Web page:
Robin Sage Military Exercise Begins Saturday
BY JOHN CHAPPELL
Spring this year will be heralded by the sound of gunfire.
It is coming from military weapons that will ring out across Moore and 14 other North Carolina counties. It's not real, only blanks fired in a training exercise for student soldiers undergoing the final exercise of Special Forces training before putting on their green berets.
The exercise begins Saturday.
"Residents may hear blank gunfire and see occasional flares, neither of which poses any risk to persons or property," the Army said through a news release. "Residents who encounter a problem should contact local law enforcement officials, who will immediately contact exercise control officials."
This is the last part of the 251st Special Forces Qualification Course (SFQC). It is a role-playing training game called Robin Sage, in which Special Forces students infiltrate the fictional country of Pineland, situated in or near Alamance, Anson, Cabarrus, Chatham, Davidson, Guilford, Hoke, Montgomery, Moore, Randolph, Richmond, Rowan, Scotland, Stanly and Union counties.
The exercise, conducted by the 1st Special Warfare Training Group (Airborne), is scheduled to end April 9.
To add realism to the exercise, civilian volunteers throughout the areas involved act as role-players during the training. Some pretend to be Pinelanders working with Green Beret A-teams to carry out varying simulated missions. Others play roles as collaborators with OPFOR, the oppressing force that has invaded Pineland from the north.
"Robin Sage is designed to provide realistic training in unconventional warfare tactics and techniques," the Army said. "It is the final training exercise before SFQC students graduate and receive their assignments to one of the Army's seven operational Special Forces groups."
While some operations mean student soldiers might be wearing civilian clothes, they will still have identifying badges and cards on them and any vehicles used during the training scenario. That is because two students soldiers were shot, one fatally, by a Moore County deputy who mistook the situation, as did the soldiers. They thought he was acting as a role-player, while he thought he was about to be shot by armed and dangerous men.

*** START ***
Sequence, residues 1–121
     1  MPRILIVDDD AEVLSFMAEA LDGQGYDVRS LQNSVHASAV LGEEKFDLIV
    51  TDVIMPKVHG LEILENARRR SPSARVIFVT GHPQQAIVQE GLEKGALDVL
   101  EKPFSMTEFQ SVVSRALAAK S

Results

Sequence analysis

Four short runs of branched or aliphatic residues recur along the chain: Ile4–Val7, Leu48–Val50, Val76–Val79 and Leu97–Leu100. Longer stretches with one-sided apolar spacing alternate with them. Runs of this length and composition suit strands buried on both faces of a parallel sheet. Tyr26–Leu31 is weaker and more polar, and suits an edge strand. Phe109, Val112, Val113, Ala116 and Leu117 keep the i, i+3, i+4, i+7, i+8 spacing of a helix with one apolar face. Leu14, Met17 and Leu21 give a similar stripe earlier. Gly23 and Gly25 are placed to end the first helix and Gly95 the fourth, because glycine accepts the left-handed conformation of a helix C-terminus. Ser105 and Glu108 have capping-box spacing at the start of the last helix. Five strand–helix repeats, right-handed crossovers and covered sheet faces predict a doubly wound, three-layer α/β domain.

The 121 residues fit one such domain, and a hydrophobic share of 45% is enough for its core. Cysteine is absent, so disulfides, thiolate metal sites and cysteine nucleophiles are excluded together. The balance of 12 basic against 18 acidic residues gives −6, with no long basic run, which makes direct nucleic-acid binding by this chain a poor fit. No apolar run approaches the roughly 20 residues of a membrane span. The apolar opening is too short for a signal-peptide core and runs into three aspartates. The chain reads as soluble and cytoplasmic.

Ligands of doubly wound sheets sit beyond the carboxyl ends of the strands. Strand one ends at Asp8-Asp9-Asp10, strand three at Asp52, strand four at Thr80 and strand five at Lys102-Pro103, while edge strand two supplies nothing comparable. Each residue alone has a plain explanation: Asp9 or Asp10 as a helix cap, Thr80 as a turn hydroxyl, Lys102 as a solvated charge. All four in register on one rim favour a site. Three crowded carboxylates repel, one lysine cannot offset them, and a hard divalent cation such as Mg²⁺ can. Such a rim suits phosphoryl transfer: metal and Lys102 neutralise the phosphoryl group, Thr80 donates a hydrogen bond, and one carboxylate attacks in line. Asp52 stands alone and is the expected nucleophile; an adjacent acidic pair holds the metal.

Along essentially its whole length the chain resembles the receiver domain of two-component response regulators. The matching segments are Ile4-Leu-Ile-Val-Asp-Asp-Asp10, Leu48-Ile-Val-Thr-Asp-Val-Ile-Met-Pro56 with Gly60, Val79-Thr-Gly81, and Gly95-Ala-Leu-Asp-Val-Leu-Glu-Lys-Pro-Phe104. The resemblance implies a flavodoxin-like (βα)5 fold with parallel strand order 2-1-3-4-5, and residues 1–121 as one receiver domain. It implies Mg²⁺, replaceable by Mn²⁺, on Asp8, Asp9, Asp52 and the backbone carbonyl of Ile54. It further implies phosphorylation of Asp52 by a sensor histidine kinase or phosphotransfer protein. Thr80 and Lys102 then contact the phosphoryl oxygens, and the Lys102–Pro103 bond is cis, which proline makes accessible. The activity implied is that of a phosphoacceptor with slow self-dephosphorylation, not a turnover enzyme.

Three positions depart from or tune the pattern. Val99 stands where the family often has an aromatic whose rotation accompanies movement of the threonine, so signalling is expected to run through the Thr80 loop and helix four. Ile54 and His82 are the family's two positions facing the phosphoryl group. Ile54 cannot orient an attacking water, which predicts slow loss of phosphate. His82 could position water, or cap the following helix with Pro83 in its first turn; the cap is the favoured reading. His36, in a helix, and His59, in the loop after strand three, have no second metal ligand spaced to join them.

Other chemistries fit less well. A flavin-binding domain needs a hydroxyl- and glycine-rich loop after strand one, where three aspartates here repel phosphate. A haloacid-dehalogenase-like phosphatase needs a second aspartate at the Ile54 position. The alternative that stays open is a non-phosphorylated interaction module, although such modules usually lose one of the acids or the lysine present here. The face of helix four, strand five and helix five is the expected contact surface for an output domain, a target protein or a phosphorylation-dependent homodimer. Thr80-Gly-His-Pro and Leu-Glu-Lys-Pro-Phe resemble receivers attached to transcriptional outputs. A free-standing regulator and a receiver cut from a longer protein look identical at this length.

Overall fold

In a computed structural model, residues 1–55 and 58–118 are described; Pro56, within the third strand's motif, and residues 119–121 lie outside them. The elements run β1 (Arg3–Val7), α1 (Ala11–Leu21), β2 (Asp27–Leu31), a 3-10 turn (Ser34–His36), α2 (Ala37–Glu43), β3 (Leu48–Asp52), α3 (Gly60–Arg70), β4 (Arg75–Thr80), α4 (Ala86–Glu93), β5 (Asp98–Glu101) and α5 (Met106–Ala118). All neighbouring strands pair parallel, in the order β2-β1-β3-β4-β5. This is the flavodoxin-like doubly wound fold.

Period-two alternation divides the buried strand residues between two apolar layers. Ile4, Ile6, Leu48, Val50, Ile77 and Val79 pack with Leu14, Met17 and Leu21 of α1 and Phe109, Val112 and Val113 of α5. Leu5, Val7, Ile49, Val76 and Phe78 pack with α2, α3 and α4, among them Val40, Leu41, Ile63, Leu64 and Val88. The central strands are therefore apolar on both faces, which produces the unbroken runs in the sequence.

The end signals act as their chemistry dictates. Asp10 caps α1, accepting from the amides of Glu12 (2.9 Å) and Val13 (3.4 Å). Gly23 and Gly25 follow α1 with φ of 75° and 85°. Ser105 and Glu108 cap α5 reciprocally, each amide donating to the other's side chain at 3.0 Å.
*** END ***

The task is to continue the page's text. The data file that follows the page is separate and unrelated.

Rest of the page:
The incident, which happened in February 2003, was ruled a tragic accident as a result of that misunderstanding, but a later federal lawsuit against the deputy and the county was settled out of court with payments to the wounded soldier and the estate of the soldier who died.
The settlement took place after a jury ruled in favor of the plaintiffs, but before any judgment was entered. The deputy sued the Army, and that case is still pending.
Since then, the Army has worked with sheriff's departments and local police departments to make sure no such misunderstandings happen again. Role-players know that any law enforcement personnel working with the Army will be clearly identified. Officers of the law in areas involved are to be fully briefed.
The following safety measures have been implemented:
n Formal written notification is given to the chiefs of law enforcement agencies in the affected counties, with follow-up visits by unit representatives.
n All civilian and nonstudent military participants are briefed on procedures to follow if there is contact with law enforcement officials.
n Students will only wear civilian clothes if the tactical situation warrants as determined by the instructors, and students will wear a distinctive armband. Personnel role-playing as Pineland law enforcement officers wear distinctive hats and armbands.
"Robin Sage has been conducted for nearly 50 years with the help of civilian authorities and the citizens of central North Carolina," the Army said. "Participation by these volunteers is crucial to the success of Special Forces training, and past trainees attest to the value the volunteers add to the exercise. As with all training activities, safety is always the No. 1 priority."
The exercise involves the support of some 200 service members from units across Fort Bragg who play roles themselves. These military members provide realistic opposing forces and also play guerrilla freedom fighters in a Pineland resistance movement, the Army news release said.
"These military members play a critical role in the training the SF students encounter in the country of Pineland," the Army said. "Exercise officials appreciate the help and consideration the citizens of North Carolina extend to the soldiers participating in the exercise and ask for their continued understanding of any inconveniences the training may cause."
Anyone with questions about the exercise can call the U.S. Army John F. Kennedy Special Warfare Center and School Public Affairs Office at (910) 396-9394 or by e-mail at pao_ email@example.com.
Contact John Chappell by e-mail at firstname.lastname@example.org.
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